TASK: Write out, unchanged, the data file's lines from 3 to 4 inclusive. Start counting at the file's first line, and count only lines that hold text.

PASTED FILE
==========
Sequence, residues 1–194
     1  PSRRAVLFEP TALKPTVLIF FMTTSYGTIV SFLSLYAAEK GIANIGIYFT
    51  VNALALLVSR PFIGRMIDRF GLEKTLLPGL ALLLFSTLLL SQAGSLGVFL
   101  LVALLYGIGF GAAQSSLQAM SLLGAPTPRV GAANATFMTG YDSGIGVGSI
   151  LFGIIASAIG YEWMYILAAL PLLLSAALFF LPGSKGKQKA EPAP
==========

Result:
    51  VNALALLVSR PFIGRMIDRF GLEKTLLPGL ALLLFSTLLL SQAGSLGVFL
   101  LVALLYGIGF GAAQSSLQAM SLLGAPTPRV GAANATFMTG YDSGIGVGSI